Conflict Sensitivity Assessment: International Assistance in Gaza: Aiding Fragmentation or Unity? – A view from inside Gaza

Roland Dittli


This report aims to contribute a better understanding of the characteristics and dynamics of Gaza’s internal lines of tensions, as well as the patterns of interactions between international assistance and the conflict context on the ground. The bulk of information gathered for this report was collected through personal interviews and focus group discussions in Gaza, including experts in the fields of international cooperation, conflict resolution and political science.

For Gazans, the dominating overarching trend is one of increasing political and physical fragmentation. Within this trend of fragmentation four interrelated and mutually reinforcing lines of tension were analysed in this report: the factional split between Hamas and Fatah, the dividing and weakening effects from the physical blockade, the increasing differences in many spheres between Gaza and the West Bank, and the general population’s alienation from their leadership and institutions.

Key Findings:

  • The cumulative effects of these factors on Gazans consist of a shrinking “neutral” middle-ground, increasing distress and pressure on the social fabric, de-politicisation and at the same time an increased dependence on internal and external power holders, and considerably weakened governmental institutions. All of this is taking a heavy toll on the physical and psychological well-being of the male and female residents of Gaza.
  • However, there are still many connecting issues and actors: Gazan society still has an immense capability of integrating different groups. There are no sharp vertical splits in this society and all interview partners stressed in their analysis that the political splits and differences are not irreversible. Due to shared values and cultural base along with a joint history and experiences of occupation and national liberation struggles, common ties are still strong. Furthermore, some civil society organisations have been instrumental in working against an increasing divide. They have pushed for joint agendas and facilitated the creation of joint committees, which have earned them to some extent the credibility of being steadfastly non-partisan.
  • This report finds numerous interactions between international assistance and the Gaza conflict context. Some of these interactions follow patterns well-known from other conflict contexts. International programmes are felt to further weaken the social fabric by circumventing existing civil society organisations, by not involving the people enough in their programming and thus, increasing dependency on external aid. Aid is also seen as fuelling imbalances in Gaza, i.e. when salary levels are so different that jealousy is created between governmental and NGO staff.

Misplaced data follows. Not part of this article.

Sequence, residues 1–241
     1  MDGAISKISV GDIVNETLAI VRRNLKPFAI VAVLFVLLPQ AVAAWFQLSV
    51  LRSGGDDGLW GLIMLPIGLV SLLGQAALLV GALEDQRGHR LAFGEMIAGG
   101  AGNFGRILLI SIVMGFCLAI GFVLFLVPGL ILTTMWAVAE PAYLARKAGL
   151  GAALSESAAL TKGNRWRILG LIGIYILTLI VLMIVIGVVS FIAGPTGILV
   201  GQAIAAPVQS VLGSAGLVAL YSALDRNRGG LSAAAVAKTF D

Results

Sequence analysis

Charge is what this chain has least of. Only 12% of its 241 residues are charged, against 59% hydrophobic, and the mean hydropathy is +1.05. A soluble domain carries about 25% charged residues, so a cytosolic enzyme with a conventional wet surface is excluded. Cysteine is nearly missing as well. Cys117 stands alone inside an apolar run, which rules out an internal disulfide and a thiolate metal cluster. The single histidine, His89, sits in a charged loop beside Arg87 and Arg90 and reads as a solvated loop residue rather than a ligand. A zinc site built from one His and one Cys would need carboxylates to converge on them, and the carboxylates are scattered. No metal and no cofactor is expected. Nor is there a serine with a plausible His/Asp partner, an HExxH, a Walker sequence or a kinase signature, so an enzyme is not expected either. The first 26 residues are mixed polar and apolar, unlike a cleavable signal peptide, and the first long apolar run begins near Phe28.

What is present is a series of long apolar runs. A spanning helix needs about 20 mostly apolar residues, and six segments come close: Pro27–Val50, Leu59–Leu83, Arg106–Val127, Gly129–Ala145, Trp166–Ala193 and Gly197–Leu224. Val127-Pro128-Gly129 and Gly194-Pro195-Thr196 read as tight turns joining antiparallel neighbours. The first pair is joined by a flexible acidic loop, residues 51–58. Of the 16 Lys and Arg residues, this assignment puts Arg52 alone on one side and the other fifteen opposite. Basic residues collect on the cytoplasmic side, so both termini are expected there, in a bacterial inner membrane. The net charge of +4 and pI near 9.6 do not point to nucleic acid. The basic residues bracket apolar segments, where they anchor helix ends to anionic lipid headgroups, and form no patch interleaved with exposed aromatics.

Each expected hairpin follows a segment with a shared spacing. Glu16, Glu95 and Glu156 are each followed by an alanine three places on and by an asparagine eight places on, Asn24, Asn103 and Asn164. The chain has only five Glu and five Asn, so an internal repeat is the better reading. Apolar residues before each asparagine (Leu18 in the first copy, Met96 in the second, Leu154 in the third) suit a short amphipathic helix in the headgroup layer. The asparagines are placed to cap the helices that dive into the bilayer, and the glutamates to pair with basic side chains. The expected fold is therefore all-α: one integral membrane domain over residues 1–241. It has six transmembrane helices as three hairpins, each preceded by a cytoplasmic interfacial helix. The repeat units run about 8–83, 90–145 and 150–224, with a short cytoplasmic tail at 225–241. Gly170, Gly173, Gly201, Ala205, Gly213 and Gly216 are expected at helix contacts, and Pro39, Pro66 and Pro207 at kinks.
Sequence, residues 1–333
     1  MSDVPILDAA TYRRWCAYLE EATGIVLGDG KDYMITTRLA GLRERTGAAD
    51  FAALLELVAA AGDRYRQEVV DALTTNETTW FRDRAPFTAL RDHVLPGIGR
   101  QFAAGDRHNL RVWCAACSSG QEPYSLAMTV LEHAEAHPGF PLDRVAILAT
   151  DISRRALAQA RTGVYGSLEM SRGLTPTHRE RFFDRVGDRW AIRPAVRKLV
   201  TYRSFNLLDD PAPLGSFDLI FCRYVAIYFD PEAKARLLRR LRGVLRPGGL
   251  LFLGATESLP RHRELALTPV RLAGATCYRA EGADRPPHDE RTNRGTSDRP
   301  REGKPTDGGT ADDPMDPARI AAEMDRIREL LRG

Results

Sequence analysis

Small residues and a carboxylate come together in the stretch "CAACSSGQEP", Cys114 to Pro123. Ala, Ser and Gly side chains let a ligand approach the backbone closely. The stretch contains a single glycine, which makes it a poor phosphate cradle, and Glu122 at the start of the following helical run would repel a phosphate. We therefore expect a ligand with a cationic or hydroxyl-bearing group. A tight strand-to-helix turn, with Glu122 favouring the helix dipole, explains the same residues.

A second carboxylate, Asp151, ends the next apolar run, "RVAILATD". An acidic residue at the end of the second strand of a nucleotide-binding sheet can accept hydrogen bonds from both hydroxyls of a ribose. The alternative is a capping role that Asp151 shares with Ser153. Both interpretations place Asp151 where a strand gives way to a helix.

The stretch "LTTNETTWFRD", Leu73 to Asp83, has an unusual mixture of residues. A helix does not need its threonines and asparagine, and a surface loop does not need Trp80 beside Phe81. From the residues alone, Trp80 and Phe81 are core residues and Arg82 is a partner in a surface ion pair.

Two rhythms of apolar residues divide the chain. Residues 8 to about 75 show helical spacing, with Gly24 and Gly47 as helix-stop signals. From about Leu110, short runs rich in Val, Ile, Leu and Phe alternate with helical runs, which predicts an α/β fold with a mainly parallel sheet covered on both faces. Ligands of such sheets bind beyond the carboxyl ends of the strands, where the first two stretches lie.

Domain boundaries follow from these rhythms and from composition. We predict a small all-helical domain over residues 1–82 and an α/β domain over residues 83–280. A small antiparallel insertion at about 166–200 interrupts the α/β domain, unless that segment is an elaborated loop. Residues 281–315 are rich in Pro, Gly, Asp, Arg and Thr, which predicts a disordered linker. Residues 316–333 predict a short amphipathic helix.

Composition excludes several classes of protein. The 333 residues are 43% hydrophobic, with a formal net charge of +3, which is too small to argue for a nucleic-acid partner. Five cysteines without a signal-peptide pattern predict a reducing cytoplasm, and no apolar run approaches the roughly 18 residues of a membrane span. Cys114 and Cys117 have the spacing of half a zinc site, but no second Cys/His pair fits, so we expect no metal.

• International involvement is directly, significantly and purposely feeding into the factional split. This is, together with the physical blockade and its devastating effects, identified as the most harmful factors in the lives of Gazans today. On a policy level of analysis, international involvement is also feeding into reduced accountability, corruption and militarisation – factors that have been cited by analysts as considerably weakening Palestinian society from within.
  • International assistance and the way it is implemented in Gaza are often instrumental in further increasing fragmentation. The “no-contact policy” of many actors and the vetting of partners and/or beneficiaries epitomise the dividing instead of unifying effects of international programmes.


  • Every organisation and intervention should thoroughly assess its interaction with the main fault lines of the existing context and make changes in order to become conflict sensitive and ‘do no harm’.
  • Organisations should clearly abolish a general no-contact policy towards the de-facto government. It should be replaced by a transparent set of criteria for engagement with both authorities, based on the acceptance of international human rights standards and fine-tuned in a broad consultation process with local stakeholders. The practice of excluding partners and/or beneficiaries in Gaza on grounds of their political affiliation should urgently be abolished.
  • On the level of programming, organisations should check the size of their programmes with a view of getting to a balanced resource allocation between the West Bank and Gaza. They should treat Gaza as an integral part of their strategic and programmatic planning and not as a separate entity.
  • Donors should make sure that their interventions are indeed strengthening local institutions in Gaza and do not further weaken the social fabric. They should exert caution when applying a “working through West Bank-based organisations” approach. A real dialogue and partnership between donors and Gazans are necessary for international assistance to become a tool for unification, not separation.


Dittli, R. (2011). Conflict Sensitivity Assessment: International Assistance in Gaza: Aiding Fragmentation or Unity? - A view from inside Gaza. cfd – the feminist Peace Organisation; HEKS – Swiss Interchurch Aid; KOFF/swisspeace; PalThink for Strategic Studies, Gaza.